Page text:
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Department has a history of problems



Published: Fri, June 8, 2001 @ 12:00 a.m.



Missing money and employee problems are not new to the department.

By AMANDA DAVIS

VINDICATOR TRUMBULL STAFF

WARREN -- This is not the first time the city's water department has come under scrutiny.

The state auditor's office has issued findings for recovery in a special audit requested last year by city officials, when missing funds were discovered.

Though the final report has not been made public yet, some "internal control weaknesses" found by the state were listed in the personnel file of Richard Griffing, the department's office manager. He has been suspended 30 days without pay.

History of problems: Vindicator files show a history of problems with the department.

An employee was demoted in 1994 after it was determined he stole $600 for what officials called a gambling problem. He was ordered to make restitution and was eventually promoted.

In August 1995, a Warren woman was fired after failing to appear at a disciplinary hearing to respond to accusations she stole more than $500 from collected water bills.

Richard Griffing was suspended in November 1996 without pay for three days for allowing an employee to act as cashier without signing on as one, and without working out of a separate cash drawer.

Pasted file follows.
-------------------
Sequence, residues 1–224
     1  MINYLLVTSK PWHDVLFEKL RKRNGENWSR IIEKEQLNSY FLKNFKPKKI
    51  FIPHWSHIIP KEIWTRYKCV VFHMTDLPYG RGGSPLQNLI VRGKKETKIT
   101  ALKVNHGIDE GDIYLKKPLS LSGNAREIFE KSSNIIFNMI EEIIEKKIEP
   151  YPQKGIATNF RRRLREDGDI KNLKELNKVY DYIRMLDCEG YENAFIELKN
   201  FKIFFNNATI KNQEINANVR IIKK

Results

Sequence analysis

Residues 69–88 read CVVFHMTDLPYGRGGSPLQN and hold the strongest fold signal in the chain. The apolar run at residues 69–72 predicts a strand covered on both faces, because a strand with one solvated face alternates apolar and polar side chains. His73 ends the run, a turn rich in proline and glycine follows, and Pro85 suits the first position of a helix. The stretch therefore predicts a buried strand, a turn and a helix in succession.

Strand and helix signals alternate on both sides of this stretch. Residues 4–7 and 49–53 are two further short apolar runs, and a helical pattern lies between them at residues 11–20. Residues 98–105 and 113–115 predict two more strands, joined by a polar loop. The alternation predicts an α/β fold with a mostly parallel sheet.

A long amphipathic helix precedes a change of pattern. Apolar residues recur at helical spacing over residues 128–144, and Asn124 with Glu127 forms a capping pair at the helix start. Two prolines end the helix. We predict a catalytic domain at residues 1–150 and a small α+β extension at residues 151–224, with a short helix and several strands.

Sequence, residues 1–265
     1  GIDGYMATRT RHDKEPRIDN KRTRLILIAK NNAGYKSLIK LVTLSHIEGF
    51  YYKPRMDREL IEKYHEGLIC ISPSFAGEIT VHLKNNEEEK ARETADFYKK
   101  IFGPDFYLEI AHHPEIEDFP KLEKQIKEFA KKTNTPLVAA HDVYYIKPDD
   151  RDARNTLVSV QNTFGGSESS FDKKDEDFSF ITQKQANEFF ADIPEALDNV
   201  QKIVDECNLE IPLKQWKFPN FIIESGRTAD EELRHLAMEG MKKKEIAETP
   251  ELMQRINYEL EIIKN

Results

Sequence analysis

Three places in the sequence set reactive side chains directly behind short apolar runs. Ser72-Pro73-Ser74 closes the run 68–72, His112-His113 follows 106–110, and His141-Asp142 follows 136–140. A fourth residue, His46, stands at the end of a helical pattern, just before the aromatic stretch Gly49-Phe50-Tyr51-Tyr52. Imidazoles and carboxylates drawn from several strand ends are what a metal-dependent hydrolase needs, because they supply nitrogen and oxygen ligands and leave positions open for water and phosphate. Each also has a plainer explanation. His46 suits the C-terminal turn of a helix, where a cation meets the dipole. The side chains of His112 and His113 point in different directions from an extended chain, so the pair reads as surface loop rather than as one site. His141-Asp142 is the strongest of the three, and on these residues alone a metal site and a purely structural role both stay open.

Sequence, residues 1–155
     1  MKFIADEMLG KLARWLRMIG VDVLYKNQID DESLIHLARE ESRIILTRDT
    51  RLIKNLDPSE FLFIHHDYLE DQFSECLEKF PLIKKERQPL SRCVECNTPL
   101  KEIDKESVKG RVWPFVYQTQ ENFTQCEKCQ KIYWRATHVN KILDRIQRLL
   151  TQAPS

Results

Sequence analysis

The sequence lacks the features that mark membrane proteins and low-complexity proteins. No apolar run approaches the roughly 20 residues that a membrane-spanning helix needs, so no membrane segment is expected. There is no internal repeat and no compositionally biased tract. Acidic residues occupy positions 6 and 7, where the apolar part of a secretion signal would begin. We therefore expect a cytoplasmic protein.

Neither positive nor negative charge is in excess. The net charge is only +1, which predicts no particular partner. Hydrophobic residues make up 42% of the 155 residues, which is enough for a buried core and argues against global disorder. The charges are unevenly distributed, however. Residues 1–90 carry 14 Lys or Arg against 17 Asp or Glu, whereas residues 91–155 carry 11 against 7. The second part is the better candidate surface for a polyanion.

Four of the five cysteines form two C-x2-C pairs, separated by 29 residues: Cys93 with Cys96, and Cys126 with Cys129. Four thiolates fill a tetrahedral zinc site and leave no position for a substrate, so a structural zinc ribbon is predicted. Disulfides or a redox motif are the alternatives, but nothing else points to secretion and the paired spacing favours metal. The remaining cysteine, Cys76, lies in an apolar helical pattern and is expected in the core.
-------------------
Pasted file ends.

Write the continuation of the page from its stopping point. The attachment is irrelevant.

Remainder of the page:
Two other employees were suspended without pay that month after cash-handling procedures were violated.

The city cited James Matash in December 1996 for using city property and time to "plan, facilitate, conduct and encourage the receiving, retaining and disposing of stolen property."

Two other employees were also disciplined for their role in that case.

Matash, 38, was indicted recently by a federal grand jury. The government says he gave money to an unnamed city official to secure a demolition contract on the Hotel Regency.

Matash, of Vienna, owner of M & amp;M Demolition Inc., pleaded innocent in April and is free on $50,000 bond.

Mayor Hank Angelo said it's hard to say why the department has been marred by controversy.

He characterized 95 percent of employees as "excellent," saying the other 5 percent cause problems that give the city a black eye.

"This should not be a reflection on all city employees," he said.

davis@vindy.com




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